Indian Defence Minister Manohar Parrikar on Tuesday said that India will amend the Defence Procurement Policy by mid-February to legalise role of middlemen in defence deals.
"Representatives from defence firms are already allowed in the Defence Procurement Policy... the problem is it does not say what is not acceptable," IANS quoted Parrikar as saying.
"Changes will be made to the DPP, representatives will be allowed but commission, or percentage of profit for the deals will not be allowed. The representative's remuneration shall be declared by the company."
The amendment introduced in Defence Procurement Policy will be forwarded to the Union Cabinet within a month and a half. Parrikar said a draft has already been prepared in this regard and the final draft will be ready in 8-10 days, after which it will be pushed forward for further procedures.
"The process shall be completed in another one and a half months," Parrikar added.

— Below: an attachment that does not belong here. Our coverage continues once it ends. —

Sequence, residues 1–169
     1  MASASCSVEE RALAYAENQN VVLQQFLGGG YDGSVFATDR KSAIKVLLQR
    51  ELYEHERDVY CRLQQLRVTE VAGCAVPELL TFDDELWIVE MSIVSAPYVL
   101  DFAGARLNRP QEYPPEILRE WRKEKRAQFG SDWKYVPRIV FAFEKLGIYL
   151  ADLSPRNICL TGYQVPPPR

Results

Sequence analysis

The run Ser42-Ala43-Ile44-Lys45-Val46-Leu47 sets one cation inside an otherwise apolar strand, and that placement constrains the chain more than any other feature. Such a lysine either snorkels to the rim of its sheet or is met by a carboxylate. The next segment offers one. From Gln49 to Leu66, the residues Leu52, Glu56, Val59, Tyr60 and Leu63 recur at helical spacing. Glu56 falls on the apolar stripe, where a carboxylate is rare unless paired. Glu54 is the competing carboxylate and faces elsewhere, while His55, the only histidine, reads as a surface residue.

Although the ministry is legalising middlemen in defence deals, it will not allow banned defence agents under the new policy. However, banned firms can participate on certain conditions and will be given limited approval.
"Based on merit and necessity, one can think of lifting the ban to a reasonable level," he said.
The Defence Ministry has already lifted the ban on state-run Bharat Earth Movers Limited (BEML), which will be permitted to supply spare parts for Tata trucks, as long as it does not deal with the British subsidiary of the company, which was banned following irregularities.
"Limited NoC (no objection certificate) has been given to BEML because we need Tatra trucks," Parrikar said.
Along with legalising the roles of middlemen, the Centre will also give these defence agents permission to attend meetings held across the country.
India had banned middlemen in defence deals after the multi-million dollar scandal in the 1980s, during Congress' regime. Certain politicians and officials were allegedly illicitly paid in exchange of favours in the Bofors guns deal.